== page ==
When I spoke yesterday of two teachers who were an influence, it got me contemplating who - and what - have made me the writer and reader I am.
Everyone has a story about This Particular Teacher or That Particular Book that changed their life. I can't say that I had Click Moments during the times I'm about to talk about, but hindsight has made me realize they're all pieces of the puzzle. Even the bad bits.
For as long as I can remember, I was encouraged to read by my parents. My bookshelves before age 12 were packed with Famous Five, Trixie Belden, and Nancy Drew. Between ages 13 and 15 I favoured "Sweet Dreams" and Sweet Valley High. Bleurgh, I'm so glad I lost interest in YA romance - I have a hazy recollection of being annoyed with the protaganists being waffly, giggly and intent on "first kisses", and if I was pressed to pick a favourite SVH twin, it was Elizabeth because she was far more practical and smart. I preferred the Five's George because she kept up with the boys, and Nancy Drew because she was pretty AND smart, and had ADVENTURES!
In fifth form, when I turned 15, I had a teacher who not only introduced me to Science Fiction, but also actively encouraged our class to write it. Trevor Blakeley, THANK YOU. In a girls school environment that seemed to think 18th and 19th-century literature was the be-all and end-all for "good girls" to read, being handed Anne McCaffrey's "Dragonflight" was the beginning. It started my passion for science fiction, and I've been a big McCaffrey fan ever since.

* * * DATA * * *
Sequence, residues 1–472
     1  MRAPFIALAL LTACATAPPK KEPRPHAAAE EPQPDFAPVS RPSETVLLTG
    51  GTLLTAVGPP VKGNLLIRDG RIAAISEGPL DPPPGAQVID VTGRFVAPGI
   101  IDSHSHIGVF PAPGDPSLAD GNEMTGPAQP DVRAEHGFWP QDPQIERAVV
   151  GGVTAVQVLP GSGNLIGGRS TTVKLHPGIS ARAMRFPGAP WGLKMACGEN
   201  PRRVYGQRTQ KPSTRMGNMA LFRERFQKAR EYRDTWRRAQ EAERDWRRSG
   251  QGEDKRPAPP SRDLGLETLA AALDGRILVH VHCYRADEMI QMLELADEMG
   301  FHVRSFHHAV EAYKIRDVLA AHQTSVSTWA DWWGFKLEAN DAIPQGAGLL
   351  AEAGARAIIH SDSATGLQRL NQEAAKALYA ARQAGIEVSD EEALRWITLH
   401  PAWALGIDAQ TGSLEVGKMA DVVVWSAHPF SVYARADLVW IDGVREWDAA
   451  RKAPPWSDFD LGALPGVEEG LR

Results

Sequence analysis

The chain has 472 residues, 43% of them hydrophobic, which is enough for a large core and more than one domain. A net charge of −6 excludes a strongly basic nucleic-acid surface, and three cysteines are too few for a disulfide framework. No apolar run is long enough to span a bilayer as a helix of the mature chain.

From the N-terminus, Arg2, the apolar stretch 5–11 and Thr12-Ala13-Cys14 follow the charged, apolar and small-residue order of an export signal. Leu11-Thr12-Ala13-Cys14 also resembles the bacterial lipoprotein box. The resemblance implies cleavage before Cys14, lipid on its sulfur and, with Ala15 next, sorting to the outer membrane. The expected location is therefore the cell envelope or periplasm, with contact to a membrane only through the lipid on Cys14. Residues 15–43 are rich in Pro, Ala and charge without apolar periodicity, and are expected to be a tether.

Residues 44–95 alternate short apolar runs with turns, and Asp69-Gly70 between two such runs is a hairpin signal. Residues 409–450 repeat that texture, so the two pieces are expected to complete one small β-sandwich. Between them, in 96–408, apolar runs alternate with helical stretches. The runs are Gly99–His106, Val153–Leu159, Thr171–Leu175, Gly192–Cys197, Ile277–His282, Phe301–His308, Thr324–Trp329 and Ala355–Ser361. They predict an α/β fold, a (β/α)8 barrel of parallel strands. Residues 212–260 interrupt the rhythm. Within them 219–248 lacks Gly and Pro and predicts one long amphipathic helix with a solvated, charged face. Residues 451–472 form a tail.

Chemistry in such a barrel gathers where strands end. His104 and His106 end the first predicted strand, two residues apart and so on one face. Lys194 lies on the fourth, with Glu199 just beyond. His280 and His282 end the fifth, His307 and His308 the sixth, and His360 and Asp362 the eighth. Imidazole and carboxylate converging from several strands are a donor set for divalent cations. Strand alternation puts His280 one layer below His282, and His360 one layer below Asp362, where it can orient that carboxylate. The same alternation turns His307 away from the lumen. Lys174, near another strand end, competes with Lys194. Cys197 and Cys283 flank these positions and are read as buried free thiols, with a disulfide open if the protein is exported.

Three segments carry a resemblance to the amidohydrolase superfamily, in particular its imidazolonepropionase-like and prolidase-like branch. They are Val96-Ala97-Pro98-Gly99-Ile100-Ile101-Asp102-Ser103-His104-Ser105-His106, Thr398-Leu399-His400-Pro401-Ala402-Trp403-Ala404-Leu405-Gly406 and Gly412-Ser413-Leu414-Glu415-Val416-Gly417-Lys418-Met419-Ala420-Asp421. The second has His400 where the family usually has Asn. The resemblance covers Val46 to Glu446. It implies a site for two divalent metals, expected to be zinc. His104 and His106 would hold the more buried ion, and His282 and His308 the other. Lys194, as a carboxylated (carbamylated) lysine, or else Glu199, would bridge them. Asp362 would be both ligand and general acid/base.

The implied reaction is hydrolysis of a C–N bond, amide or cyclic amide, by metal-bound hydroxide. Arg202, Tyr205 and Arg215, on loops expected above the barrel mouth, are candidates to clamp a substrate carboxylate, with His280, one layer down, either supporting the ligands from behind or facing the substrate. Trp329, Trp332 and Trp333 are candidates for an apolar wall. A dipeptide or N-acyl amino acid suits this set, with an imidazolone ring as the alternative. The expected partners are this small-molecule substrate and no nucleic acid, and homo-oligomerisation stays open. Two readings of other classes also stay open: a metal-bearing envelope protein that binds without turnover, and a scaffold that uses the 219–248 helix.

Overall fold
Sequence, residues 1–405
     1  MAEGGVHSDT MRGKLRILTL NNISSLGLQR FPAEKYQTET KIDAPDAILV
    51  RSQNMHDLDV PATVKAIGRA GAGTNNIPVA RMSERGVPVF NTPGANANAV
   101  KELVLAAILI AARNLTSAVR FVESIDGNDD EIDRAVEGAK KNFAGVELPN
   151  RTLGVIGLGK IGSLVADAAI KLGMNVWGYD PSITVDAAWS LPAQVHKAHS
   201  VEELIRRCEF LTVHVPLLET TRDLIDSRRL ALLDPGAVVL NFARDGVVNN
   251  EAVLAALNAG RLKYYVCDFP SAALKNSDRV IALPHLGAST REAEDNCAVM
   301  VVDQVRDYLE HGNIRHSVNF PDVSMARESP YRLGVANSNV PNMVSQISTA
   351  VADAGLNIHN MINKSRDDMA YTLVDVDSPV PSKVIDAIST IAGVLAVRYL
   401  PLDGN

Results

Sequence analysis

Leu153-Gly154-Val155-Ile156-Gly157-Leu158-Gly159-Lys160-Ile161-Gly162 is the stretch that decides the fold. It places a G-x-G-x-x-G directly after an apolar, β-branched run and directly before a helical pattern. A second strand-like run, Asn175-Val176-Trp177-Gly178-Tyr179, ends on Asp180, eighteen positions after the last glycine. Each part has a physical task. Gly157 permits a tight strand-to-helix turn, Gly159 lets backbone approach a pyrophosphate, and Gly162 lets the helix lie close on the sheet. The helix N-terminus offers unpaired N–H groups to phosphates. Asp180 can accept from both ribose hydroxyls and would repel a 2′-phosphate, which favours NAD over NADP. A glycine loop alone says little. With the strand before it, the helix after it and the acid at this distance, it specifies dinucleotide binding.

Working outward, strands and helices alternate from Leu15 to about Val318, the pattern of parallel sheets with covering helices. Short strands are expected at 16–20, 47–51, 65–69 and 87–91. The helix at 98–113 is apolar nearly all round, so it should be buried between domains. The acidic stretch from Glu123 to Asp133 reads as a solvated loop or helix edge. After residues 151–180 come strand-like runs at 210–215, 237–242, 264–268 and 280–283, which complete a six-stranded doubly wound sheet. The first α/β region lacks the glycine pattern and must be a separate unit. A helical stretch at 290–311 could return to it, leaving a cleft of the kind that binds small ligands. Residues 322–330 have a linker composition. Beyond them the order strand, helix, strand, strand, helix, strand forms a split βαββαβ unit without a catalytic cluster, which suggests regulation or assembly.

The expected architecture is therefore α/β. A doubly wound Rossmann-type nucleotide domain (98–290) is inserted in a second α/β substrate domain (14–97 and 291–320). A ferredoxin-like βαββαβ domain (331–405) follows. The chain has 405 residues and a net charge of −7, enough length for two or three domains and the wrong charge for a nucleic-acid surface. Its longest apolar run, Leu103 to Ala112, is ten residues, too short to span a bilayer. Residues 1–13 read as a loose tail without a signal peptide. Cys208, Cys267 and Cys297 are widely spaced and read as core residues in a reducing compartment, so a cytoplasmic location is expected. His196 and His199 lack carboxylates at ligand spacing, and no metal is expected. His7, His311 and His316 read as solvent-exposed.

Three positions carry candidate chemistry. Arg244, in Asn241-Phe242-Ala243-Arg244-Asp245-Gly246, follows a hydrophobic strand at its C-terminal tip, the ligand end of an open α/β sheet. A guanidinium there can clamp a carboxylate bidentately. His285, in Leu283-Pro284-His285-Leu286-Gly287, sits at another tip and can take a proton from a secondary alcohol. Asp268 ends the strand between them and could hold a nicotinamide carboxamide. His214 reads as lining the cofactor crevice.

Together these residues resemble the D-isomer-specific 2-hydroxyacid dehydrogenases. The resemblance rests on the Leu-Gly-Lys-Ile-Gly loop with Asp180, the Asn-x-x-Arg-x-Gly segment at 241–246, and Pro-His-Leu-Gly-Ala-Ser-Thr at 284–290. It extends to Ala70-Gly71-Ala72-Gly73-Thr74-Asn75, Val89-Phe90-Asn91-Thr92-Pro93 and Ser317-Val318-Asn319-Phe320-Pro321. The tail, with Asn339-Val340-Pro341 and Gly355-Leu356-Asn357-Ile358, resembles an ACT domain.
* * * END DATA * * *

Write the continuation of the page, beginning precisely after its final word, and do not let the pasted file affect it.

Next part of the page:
Fifth Form was the year I excelled in English, because the curriculum we were being taught was diverse and RELEVANT to young women in the late 80s. I still have fond memories of my class acting out scenes from Dragonflight. I did F'lar's fight with Fax. Two of the girls performed the birthing scene - it was hilarious but imbued with a gravitas all at the same time, the two girls performing with straight faces all the way through.
We also studied television production and magazine publishing that year. It was so much fun. I was rather a lazy student - tending to cruise if no one was mentoring my work - and I didn't realize how much impact the Fun of the year had on my work until I got my end of year results. I was in the top percentile. Because of this mark, I was put into an extra-curricular English class the next year that explored poetry and creative writing, but I was unsure as to why I was there - I didn't think I had the writing smarts *sigh*.
At least this extra class kept me sane, because it all turned to mush in sixth and seventh form, and I ended High School with average English scores. Hilariously, I learned more about English literacy and sentence structure through taking French - I've often wondered why my English teachers took it for granted that we were "supposed to know" this stuff, I really could have done with more grounding in the basics of literacy, essay and creative writing.
My English teachers these last two years were competent, but not overly encouraging. That encouragement was saved for the girls who were following the Bursary option. I had no intention of going to University (one of my first rebellions). Despite not needing Bursary, I still enjoyed English, but my last two years of High School English were a huge disappointment. To this day I can still recall two of the mind-numbing books I had to read - "Far From the Madding Crowd" by Thomas Hardy, and "Sons and Lovers" by DH Lawrence. I couldn't articulate it at the time, but after having read "Dragonflight", the depiction of women in these books made me bang my head against my school desk. To this day, the only use these books have been to me is answering a question while watching "Who Wants to be a Millionaire".